motivate students to participate and prepare for class. Though teachers can gradually integrated
flipped elements into their classrooms, it will still require additional time and effort from
teachers.

4. Not naturally a test-prep form of learning

Whether you think this is a good or a bad thing is another conversation, but its important to
realize that generally speaking, flipped classrooms do not teach to the test. Flipped classrooms
do not follow the model of teaching to improve standardized test scores. However, teachers and
students are still required to spend a sizable portion of time preparing for state mandated testing,
which in turn interrupts the flipped classroom process.

5. Time in front of screensinstead of people and placesis increased

There are some who believe that if every teacher starts flipping their classrooms, students will
spend hours in front of a computer watching the lectures. One may argue that this has the
potential to cause serious problems to students learning processes, as not everyone may be as
adept to learning through a computer.

Conclusion

Despite these issues, the flipped classroom can still a very effective, hands-on approach to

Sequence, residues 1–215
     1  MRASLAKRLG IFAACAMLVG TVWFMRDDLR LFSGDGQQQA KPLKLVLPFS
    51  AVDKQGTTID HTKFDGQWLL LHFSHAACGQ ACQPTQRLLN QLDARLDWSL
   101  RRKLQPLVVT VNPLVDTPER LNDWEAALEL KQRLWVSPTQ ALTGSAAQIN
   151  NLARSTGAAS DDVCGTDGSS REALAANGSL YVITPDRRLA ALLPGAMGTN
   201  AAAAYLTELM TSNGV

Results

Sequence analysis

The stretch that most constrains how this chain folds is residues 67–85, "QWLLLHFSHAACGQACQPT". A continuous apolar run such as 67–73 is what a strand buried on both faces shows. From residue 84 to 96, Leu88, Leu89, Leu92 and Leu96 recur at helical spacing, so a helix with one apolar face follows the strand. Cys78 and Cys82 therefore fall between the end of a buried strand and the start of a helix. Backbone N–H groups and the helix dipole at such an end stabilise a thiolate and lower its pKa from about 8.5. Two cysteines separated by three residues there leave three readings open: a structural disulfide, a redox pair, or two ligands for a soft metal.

improving student achievement and involving them in their own education.
Major challenges in flipping

Over 70% of seminar participants had not flipped a class before, but were considering to do so.
They anticipated the following challenges in flipping:

student preparation was an obvious concern. Related items include lecture video not
watched, students not equipped, unprepared students, preparedness, preparation and
student commitment.

What should teachers do?

To overcome this challenge, Dr. Zeng recommended that teachers ensure the alignment of pre-
class, in-class and after-class activities. In designing a course, they should always keep in mind
the intended learning outcomes and make sure that concepts covered in the short videos are
related to the in-class activities and assessments. This will create a backwash effect and push
students to get prepared for class, or else they will not be able to participate in in-class activities
where everyone else is engaged.

When asking students to watch videos before class, consider giving:

1. extra credits as incentives for those who watch the videos and complete knowledge
check questions before class;
2. clear expectations, i.e., explain to them why they should watch the videos; and
3. guidance about what to take note of in the videos, such as a short curators message,
some highlights and key questions to think about while watching.

It can be frustrating to know that some students did not do preparations for class. However, we
can make use of this opportunity to teach students the importance of doing preparations as a
pre-requisite of a deep learning experience.
Obstacles to flipped learning and how to
overcome them
Flipped learning which requires pupils to engage with instructional content in their own time,
before undertaking corresponding tasks in the classroom is helping to deliver a more